Behavioral Ecology and Sociobiology

, Volume 13, Issue 2, pp 125–130

Nest defense by deceit in the fathead minnow, Pimephales promelas

Authors

  • Lawrence M. Unger
    • Department of Ecology and EvolutionState University of New York
Article

DOI: 10.1007/BF00293802

Cite this article as:
Unger, L.M. Behav Ecol Sociobiol (1983) 13: 125. doi:10.1007/BF00293802

Summary

Individual male fathead minnows spawn and guard eggs for a period of several weeks during a much longer total breeding season. Solitary males remain pale and lose both wet weight and dry weight throughout the nesting period, whereas competitive males, who defend nests adjacent to territorial rivals, turn dark and do not lose wet weight despite losing dry weight. A solitary male must contend only with territorial encroachment by females (potential mates and egg predators), but a competitive male must defend the nest against both males and females. A competitive male always attacks female intruders, whereas he initially displays to intruding males. Territorial rivals, though not egg predators, may try to usurp his nest. Successful competitive nest holders may appear more robust than their true condition and thereby prevent eviction by newly reproductive male intruders. Such newcomers preferentially attack residents in relatively poor condition and pale coloration.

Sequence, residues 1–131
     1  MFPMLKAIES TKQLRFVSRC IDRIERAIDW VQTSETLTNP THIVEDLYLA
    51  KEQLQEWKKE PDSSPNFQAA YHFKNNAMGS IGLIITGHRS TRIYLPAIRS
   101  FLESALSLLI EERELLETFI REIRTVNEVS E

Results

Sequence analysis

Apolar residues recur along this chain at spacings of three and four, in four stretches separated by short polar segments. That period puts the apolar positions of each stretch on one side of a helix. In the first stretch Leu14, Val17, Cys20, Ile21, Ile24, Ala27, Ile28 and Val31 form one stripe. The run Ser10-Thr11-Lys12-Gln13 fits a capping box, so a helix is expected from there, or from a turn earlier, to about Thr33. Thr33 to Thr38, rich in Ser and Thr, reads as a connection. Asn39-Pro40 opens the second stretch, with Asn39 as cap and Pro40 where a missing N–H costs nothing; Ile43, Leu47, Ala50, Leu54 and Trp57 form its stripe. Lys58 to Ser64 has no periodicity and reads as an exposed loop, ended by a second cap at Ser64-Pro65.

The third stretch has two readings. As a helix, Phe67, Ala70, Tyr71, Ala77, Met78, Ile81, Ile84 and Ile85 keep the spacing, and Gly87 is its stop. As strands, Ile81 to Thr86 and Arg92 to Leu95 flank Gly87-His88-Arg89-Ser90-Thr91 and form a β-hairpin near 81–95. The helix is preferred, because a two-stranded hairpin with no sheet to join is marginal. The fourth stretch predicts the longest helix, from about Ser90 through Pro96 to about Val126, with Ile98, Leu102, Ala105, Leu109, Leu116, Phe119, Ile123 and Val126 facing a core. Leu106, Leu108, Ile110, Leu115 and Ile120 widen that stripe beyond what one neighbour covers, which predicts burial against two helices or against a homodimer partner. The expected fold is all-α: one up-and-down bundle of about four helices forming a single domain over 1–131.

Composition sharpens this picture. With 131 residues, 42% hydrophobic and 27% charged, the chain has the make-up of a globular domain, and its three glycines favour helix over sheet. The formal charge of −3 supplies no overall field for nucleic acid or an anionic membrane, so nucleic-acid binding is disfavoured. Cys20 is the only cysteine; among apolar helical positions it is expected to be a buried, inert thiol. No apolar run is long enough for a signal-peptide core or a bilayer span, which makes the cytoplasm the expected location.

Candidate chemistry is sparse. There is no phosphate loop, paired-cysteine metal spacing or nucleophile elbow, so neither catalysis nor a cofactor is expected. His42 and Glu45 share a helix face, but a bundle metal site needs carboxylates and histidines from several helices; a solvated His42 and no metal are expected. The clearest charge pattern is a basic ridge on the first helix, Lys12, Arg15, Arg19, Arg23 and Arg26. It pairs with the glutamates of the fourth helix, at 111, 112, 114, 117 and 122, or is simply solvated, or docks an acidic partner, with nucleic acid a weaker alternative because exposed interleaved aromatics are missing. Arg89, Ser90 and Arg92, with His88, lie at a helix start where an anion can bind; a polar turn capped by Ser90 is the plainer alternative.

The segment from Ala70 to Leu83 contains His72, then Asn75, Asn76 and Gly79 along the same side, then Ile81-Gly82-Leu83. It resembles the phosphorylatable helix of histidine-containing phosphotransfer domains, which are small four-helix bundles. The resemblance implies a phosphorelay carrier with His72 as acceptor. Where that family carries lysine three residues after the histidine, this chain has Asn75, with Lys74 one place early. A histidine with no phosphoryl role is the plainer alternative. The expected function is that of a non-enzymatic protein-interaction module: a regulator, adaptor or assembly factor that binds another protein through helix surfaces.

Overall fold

Copyright information

© Springer-Verlag 1983